The Art of Worldly Wisdom by Baltasar Gracian is unlike any book you are likely to find on bookshelves today. Self-help books can be helpful, but they are usually focused on what to do after you have encountered certain problems. Business books are often a collection of case studies or war stories. The Art of Worldly Wisdom teaches the same sort of lessons (and more) in a much broader context. It is a manual on how to be successful at anything in life. Considering that it is still amazing relevant today despite being first published in 1647, it is a classic masterpiece.
Certainly there have been other books in the same genre, but I have yet to find another one as penetrating and objective. La Rochefoucauld’s Maxims (1660-80s) is insightful as well, but it is colored by a lifetime of bitter experiences. Though Gracian had his own troubles, perhaps being a priest allowed him to observe clearly without becoming jaded by the excesses and pitfalls of worldly life. Also, The Art of Wordly Wisdom contains only 300 aphorisms, considerably less than the Maxims while packing the same amount of substance or more.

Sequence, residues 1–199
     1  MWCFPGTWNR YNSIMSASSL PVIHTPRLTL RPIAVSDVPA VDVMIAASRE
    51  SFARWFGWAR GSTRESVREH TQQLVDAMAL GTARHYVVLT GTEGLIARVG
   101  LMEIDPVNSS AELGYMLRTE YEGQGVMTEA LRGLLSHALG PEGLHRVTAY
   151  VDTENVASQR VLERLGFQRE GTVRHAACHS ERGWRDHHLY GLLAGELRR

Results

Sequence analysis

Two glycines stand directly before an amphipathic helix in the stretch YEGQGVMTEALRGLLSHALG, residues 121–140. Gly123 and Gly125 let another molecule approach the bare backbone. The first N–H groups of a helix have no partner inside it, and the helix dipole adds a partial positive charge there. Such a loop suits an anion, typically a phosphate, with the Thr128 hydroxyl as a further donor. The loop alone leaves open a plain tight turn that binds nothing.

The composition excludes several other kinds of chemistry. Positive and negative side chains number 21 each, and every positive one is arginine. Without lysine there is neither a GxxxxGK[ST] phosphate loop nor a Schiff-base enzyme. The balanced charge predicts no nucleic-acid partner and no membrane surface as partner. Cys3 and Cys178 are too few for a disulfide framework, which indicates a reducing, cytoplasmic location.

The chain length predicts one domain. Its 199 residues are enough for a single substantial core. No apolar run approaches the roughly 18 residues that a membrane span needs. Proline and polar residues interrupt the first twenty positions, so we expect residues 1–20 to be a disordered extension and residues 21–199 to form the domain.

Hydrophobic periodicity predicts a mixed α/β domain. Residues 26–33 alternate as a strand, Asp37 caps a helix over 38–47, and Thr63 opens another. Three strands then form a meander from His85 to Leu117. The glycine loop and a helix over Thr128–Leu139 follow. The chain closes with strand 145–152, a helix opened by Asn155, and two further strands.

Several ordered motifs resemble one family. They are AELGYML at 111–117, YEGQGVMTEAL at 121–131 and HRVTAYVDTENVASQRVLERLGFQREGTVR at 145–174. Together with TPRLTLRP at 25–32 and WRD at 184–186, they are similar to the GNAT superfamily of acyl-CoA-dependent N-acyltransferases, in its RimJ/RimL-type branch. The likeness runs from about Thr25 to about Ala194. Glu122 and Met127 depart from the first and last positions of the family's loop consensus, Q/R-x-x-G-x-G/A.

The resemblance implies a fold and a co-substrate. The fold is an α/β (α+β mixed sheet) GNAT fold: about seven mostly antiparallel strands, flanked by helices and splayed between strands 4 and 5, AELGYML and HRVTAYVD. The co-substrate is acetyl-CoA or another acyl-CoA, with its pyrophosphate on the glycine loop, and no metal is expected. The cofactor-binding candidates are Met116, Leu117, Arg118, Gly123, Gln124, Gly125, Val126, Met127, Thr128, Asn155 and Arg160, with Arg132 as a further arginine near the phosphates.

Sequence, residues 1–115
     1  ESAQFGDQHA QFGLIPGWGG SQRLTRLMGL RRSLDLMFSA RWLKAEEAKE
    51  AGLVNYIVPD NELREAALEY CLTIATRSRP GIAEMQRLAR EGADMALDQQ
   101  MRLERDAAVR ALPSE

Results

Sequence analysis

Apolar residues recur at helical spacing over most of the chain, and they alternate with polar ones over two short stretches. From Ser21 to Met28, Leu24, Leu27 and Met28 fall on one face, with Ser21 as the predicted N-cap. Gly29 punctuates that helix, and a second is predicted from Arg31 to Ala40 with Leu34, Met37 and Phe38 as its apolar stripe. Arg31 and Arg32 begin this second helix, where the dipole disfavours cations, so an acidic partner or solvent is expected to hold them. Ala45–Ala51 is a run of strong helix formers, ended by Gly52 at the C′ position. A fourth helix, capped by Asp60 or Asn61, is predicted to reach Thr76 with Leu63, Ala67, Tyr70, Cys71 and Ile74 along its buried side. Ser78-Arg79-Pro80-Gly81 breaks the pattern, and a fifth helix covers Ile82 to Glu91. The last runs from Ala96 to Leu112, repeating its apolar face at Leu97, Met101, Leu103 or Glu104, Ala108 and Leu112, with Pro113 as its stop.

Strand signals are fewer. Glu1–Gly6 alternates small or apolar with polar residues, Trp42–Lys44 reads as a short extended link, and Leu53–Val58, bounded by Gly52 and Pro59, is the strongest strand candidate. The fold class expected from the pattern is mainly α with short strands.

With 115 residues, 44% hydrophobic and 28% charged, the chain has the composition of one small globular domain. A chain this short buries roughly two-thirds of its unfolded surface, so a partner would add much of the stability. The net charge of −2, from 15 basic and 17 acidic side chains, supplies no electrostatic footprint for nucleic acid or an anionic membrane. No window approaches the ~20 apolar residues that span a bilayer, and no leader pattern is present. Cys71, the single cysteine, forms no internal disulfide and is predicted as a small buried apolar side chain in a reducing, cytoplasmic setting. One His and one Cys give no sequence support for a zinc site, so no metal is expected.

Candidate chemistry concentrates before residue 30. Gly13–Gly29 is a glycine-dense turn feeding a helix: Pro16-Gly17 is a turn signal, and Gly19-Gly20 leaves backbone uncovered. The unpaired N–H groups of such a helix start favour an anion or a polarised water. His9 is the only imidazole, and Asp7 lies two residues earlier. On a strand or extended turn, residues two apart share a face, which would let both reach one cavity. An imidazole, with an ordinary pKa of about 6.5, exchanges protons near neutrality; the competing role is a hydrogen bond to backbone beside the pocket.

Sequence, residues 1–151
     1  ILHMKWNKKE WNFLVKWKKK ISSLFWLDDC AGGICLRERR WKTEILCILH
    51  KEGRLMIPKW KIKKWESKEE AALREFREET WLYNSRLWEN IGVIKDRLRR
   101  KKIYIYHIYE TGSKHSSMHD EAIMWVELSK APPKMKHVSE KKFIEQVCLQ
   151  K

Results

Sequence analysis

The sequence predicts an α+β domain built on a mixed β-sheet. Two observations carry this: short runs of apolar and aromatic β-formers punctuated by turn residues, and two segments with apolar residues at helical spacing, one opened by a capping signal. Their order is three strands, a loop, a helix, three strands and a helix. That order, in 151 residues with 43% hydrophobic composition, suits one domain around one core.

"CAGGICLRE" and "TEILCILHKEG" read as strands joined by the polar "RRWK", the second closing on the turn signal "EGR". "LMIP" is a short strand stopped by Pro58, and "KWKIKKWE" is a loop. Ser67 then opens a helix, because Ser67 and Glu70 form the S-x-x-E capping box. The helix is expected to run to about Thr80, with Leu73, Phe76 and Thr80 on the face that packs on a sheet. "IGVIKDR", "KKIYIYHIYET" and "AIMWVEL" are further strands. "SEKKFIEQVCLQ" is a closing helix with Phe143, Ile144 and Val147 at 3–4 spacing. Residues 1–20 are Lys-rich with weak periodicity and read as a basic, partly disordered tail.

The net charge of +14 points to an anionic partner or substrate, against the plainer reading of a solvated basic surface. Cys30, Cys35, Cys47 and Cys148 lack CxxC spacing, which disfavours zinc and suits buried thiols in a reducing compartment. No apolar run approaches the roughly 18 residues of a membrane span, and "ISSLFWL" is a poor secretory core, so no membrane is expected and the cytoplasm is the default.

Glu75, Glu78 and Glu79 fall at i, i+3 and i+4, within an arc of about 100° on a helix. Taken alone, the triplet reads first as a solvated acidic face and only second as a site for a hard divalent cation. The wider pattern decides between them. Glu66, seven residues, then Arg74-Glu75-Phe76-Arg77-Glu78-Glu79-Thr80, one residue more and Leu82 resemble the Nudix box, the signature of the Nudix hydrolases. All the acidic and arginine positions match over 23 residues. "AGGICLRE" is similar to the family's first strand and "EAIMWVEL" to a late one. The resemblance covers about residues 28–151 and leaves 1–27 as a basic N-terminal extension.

Other notable thinkers have been influenced by The Art of Worldly Wisdom. Nietzsche wrote that “Europe has never produced anything finer or more complicated in matters of moral subtlety,” and Schopenhauer considered the book “Absolutely unique… a book made for constant use…a companion for life” for “those who wish to prosper in the great world.”
So read The Art of Worldly Wisdom; you will not regret it. I wish that I had many years ago. Perhaps I could have done things better, or perhaps I could have learned some lessons less painfully. In either case, it could only have helped!
Below are links to some Gracian aphorisms, sorted into categories that I found useful.
Knowledge and planning
Importance of balance